Latest FSWizard for Android update!

August 23, 2013, 8:42 am by Eldar Gerfanov

I have just published a latest update to our FSWizard for android platform.

Starting from version 1.1 calculations will be persistent. Which means that app will remeber all input fields when its shut down and re-instate them on launch.

Program functions are now accessed through a drop down menu located in the header.

Also tool data is now resetting to default when tool type is changed.

There is a new addition too.

We now have triangle calc


material section 2013-08-18_22-09-46.png drop down menu 2013-08-18_22-10-12.png triangle calc 2013-08-18_22-11-18.png

HSMAdvisor 0.500 has been released.

August 5, 2013, 9:06 pm by Eldar Gerfanov

HSMAdvisor version 0.5 has just become available on downloads page.

There are many improvements and fixes in there.

But the most noticable one is improved Circular Compensation Calculator.

 

Located on FSWizard page and only available for milling tools it allows to calculate with of cut by stock or pilot hole diameter.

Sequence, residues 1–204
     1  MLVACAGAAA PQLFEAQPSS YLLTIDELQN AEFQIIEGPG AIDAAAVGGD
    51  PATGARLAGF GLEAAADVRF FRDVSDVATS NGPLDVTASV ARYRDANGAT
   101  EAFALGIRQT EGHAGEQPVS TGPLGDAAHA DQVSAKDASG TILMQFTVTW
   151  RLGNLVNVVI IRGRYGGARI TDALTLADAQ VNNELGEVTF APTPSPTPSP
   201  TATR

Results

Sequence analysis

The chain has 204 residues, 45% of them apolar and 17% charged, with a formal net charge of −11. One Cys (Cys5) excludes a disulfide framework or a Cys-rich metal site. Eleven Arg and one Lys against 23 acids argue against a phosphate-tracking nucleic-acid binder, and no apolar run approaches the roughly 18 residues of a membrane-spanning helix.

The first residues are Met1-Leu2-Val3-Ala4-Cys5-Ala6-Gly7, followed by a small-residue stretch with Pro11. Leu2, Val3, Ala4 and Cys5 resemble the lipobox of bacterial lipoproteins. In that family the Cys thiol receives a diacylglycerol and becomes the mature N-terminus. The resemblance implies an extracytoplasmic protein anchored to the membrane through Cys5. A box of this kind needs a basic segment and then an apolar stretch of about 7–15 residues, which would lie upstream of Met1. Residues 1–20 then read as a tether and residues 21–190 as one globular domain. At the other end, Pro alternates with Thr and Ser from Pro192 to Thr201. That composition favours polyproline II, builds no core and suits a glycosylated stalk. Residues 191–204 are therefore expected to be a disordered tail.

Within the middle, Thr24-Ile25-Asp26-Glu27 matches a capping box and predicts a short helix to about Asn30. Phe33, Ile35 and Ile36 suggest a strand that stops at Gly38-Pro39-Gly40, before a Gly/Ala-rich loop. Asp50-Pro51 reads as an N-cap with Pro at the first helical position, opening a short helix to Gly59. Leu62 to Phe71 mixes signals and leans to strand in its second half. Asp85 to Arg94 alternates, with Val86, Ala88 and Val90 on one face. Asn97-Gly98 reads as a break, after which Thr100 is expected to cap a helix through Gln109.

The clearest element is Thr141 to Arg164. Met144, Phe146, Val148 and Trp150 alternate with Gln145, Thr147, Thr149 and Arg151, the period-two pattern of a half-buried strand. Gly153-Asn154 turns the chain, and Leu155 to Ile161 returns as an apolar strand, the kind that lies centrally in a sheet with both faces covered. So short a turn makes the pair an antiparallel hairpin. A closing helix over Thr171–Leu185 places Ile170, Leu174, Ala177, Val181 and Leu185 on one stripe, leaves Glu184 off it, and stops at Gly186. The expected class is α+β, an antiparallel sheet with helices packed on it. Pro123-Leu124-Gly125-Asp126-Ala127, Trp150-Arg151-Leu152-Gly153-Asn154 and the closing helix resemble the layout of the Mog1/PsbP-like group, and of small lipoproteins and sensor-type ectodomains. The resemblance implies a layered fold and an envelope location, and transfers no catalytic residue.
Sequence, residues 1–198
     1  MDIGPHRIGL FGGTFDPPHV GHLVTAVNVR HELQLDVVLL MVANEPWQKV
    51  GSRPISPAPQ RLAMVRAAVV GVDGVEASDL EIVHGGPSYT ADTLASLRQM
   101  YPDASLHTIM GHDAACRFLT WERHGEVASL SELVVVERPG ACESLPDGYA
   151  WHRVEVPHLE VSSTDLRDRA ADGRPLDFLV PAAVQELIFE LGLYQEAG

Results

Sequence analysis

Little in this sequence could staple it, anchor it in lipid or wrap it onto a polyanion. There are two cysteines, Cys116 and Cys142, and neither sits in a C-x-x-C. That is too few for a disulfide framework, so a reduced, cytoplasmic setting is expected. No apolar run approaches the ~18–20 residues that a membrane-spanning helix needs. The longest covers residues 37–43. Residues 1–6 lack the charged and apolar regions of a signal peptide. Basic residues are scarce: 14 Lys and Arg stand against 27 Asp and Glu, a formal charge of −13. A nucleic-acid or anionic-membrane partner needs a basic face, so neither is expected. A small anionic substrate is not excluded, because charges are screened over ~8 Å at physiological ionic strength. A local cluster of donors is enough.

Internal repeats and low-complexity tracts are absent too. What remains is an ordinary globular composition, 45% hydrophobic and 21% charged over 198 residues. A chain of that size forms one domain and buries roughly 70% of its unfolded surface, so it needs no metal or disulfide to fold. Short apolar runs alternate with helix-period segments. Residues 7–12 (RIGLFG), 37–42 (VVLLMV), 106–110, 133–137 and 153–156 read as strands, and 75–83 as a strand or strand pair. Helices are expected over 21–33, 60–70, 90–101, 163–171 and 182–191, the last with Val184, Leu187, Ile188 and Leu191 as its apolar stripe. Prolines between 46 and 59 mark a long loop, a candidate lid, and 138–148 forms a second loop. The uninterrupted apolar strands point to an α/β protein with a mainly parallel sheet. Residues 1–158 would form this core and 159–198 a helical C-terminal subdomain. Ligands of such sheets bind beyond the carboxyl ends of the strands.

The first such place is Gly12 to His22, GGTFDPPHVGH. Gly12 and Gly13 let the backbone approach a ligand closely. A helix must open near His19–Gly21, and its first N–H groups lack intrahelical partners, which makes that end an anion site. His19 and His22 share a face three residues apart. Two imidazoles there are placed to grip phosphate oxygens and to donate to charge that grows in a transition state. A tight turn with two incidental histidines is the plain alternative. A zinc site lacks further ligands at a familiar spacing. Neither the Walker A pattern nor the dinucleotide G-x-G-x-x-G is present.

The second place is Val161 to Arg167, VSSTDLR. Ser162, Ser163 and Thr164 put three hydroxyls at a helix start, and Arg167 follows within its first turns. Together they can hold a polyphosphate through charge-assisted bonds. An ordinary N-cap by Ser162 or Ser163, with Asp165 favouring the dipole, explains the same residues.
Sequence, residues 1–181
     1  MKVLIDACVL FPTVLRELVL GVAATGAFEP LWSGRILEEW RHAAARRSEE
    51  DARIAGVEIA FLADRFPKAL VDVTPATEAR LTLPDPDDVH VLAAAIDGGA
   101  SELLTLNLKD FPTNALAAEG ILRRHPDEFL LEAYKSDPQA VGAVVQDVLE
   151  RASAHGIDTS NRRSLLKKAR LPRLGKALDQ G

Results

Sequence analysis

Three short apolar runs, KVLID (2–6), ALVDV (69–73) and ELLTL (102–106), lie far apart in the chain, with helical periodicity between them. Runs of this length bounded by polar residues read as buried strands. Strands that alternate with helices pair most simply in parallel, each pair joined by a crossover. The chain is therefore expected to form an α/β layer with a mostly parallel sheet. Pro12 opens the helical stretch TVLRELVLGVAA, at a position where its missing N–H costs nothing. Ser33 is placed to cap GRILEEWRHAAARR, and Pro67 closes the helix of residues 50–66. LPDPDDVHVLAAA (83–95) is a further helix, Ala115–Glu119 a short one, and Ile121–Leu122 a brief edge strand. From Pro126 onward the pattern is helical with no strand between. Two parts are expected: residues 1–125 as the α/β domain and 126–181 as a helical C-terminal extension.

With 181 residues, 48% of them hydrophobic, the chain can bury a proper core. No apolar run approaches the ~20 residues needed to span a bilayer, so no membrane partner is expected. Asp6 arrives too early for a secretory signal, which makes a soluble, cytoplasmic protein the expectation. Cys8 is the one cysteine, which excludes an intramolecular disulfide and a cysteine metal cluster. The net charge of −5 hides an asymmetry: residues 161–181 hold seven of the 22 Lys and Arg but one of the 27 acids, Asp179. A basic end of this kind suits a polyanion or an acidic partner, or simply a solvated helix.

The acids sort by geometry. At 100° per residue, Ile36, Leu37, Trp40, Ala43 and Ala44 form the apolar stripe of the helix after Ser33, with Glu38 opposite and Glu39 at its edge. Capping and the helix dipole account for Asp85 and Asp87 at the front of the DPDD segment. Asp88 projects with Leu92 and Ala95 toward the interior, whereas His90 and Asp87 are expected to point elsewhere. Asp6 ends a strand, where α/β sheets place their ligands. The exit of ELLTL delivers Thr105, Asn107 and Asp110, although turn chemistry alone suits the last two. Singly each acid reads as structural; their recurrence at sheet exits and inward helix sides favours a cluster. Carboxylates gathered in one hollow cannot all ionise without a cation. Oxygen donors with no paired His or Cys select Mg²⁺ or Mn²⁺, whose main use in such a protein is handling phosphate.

Also helical angle calculator hels converting degrees to pitch and vise-verse.

Check it out!


helical_interpolation.png helical_interpolation.png

We all have manufacturer speed & feed charts and have used their recommendations.

But sometimes those charts just don't apply.

For example manufacturer charts assume you are using their endmills at a certain stickout length, flute length and at a certain depth of cut.

But in the real life you rarely match all these conditions.
Sometimes you need to use longer endmill. Sometimes your flute is longer than what manufacturer gave you speeds and feed for.

What i am trying to say is that whenever your real life conditions differ from "normal" you "need to adjust accordingly".
In fact this is what is printed below many charts.

Too bad not many sources tell you how and what to adjust.

While failure to adjust cutting parameters often leads to chatter, poor surface finish and even tool breakage, one of the biggest mistakes people do when machining is ...
...Read More